From the depths of the Glasgow music scene burst forth another band in 2003. Since then, The Twilight Sad have slowly been building up a reputation for their melodic rock meets shoegaze, creating beauty surrounded by squalling guitars. Fourteen Autumns and Fifteen Winters won over many critics, and the world was eager to see if Forget the Night Ahead could keep the band riding the wave of popularity into the hearts and ears of everyone.
As “Reflection of the Television” opens the album up, you can see the screaming feedback you can see that the band still has some of their traditional elements in place. But, you will also notice that those elements no longer live in the foreground of the song, as they did on previous efforts. Singer James Graham now has his vocals standing before you for all to see, and while it dramatically changes the aesthetics of the release, you still catch onto the power of music.
“I Became a Prostitute” is the band’s first single off this album, and you can see that it definitely has a presence that can rise above the indie status. Like Glasvegas, it’s a grandiose number full of wave upon wave of guitars accompanied by Graham’s vocals, which just so happen to crash atop the song as well during the chorus. All in all, it’s a softer approach to writing than the group took in the past, but for most listeners, you will find that it’s equally as effective.
Fortunately for us, this album is longer than their previous affairs, despite the fact that each song reaches well beyond the mark of 3 minutes, with most running near the five minute mark. However, the dynamics of the atmospheric guitar flourishes combined with Graham’s new vocal presence do make some of the songs blend into one another, making it hard to differentiate between the album’s best numbers. Don’t take this to mean that there aren’t standout tracks in abundance.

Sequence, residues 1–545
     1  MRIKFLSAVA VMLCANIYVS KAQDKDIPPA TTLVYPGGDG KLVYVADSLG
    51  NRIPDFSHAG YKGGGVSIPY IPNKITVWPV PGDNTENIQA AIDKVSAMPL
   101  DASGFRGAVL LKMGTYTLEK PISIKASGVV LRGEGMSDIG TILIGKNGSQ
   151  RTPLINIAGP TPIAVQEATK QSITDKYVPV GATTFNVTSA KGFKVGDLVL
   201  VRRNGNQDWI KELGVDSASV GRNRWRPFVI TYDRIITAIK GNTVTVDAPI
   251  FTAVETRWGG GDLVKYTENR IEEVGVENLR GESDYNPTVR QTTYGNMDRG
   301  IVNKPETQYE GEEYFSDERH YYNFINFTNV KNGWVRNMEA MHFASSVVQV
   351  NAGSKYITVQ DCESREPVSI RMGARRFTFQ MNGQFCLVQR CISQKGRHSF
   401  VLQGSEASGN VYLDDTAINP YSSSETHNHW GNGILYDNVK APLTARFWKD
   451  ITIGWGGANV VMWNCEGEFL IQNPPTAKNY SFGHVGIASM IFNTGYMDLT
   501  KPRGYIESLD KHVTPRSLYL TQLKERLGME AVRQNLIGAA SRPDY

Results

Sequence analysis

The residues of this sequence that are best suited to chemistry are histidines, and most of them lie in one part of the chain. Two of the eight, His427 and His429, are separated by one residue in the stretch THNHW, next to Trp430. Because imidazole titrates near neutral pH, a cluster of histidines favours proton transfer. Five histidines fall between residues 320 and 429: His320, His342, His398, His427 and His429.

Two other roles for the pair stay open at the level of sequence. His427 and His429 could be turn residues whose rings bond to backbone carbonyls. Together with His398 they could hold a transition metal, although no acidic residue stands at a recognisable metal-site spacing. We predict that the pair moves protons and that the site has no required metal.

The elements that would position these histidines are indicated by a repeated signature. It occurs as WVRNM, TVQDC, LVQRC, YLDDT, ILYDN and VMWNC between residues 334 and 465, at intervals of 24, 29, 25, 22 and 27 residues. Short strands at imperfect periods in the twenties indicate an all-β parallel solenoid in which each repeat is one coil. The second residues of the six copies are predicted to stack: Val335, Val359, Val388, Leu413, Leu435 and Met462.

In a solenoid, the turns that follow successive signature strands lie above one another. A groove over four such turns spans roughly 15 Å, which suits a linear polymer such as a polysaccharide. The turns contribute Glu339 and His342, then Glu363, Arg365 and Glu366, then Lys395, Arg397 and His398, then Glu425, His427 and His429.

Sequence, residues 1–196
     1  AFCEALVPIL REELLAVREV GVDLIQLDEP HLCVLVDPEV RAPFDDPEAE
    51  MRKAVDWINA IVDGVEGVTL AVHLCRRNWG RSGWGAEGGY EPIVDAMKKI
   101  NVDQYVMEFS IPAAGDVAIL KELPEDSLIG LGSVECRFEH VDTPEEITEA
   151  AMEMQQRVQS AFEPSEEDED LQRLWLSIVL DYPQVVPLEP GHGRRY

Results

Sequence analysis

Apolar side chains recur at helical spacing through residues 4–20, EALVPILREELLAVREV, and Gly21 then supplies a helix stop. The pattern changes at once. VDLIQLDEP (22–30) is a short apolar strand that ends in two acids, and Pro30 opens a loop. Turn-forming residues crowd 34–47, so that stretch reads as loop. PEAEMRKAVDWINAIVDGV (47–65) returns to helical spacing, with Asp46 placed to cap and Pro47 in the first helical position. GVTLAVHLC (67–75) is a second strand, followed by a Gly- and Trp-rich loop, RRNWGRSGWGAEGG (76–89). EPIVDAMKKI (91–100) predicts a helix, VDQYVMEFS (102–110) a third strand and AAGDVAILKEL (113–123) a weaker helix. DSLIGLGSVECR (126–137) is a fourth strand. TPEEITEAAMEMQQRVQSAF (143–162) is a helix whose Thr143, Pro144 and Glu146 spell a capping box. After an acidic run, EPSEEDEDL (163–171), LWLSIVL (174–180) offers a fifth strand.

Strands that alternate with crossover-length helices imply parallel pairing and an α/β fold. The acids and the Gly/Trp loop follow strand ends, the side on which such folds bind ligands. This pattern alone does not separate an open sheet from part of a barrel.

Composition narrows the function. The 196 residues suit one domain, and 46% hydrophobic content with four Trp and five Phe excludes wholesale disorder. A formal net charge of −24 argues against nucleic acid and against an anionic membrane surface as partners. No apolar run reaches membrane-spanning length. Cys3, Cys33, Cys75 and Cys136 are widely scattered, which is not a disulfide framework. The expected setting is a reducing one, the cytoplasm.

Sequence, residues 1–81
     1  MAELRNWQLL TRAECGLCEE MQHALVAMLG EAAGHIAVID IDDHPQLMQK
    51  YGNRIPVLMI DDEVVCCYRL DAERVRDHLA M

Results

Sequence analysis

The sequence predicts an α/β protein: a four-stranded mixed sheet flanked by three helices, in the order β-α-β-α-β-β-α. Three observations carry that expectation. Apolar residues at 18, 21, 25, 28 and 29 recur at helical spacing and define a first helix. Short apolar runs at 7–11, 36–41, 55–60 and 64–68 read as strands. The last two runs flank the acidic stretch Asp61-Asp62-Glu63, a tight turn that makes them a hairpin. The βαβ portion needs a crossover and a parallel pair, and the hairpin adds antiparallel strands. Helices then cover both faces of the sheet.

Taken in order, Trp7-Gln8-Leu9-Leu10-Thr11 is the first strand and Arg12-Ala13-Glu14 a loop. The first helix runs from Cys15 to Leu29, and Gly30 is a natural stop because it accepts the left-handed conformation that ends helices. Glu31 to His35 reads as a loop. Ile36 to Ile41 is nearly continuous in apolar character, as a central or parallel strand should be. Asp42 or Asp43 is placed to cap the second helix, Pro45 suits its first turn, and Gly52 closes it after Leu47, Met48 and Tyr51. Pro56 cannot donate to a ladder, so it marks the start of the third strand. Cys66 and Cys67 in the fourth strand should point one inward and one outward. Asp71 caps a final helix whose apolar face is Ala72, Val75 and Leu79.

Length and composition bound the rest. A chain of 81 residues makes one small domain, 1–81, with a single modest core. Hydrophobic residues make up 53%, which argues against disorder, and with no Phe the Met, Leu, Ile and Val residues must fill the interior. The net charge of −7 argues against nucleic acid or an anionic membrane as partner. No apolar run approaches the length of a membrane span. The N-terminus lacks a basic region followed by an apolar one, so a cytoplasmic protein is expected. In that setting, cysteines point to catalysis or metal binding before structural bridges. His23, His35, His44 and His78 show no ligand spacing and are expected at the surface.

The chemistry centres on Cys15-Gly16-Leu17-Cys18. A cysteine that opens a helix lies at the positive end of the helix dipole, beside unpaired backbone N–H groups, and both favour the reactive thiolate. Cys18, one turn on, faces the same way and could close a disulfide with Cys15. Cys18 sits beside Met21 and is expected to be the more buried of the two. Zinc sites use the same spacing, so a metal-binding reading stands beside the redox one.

“That Birthday Present” is a clever song, with the majority of the tune relishing in the bouncy guitar work. All this comes to light even though this also happens to be one of the noisier songs on the record. The Twilight Sad at this point seem sort of like a cross between M83 and Mogwai, except they rely upon a more traditional songwriting structure. It allows their songs to breathe, instead of wallowing before they fade into obscurity like other bands that implement noise attacks.
“Floorboards Under the Bed” is different than most tunes you’ll find in the groups catalogue. It seems to wear the influence of tour-mates Frightened Rabbit, but then it fades into a piece of tinkering flare. Albeit an interesting opening, the song quickly disappears into the back of your mind. All the build up will lead you into the final three tracks. Of the final three, “The Neighbours Can’t Breathe” is the stand out, although the closer, “At the Burnside,” has an emotional appeal, with a hint of Glaswegian balladry wrapping it all up.
This album has some really beautiful moments, more than way out the few weak points. The Twilight Sad are able to build upon their own sound, pushing the shoegazing into the realm of a more pop-centric world, and Forget the Night Ahead wins because of its ability to step into these new realms, encouraging the band to become more than just another stagnant noise-rock act.[audio:http://austintownhall.com/wp-content/uploads/2009/05/reflection-of-the-television-1.mp3]
Download: The Twilight Sad – Reflection of the Television [MP3]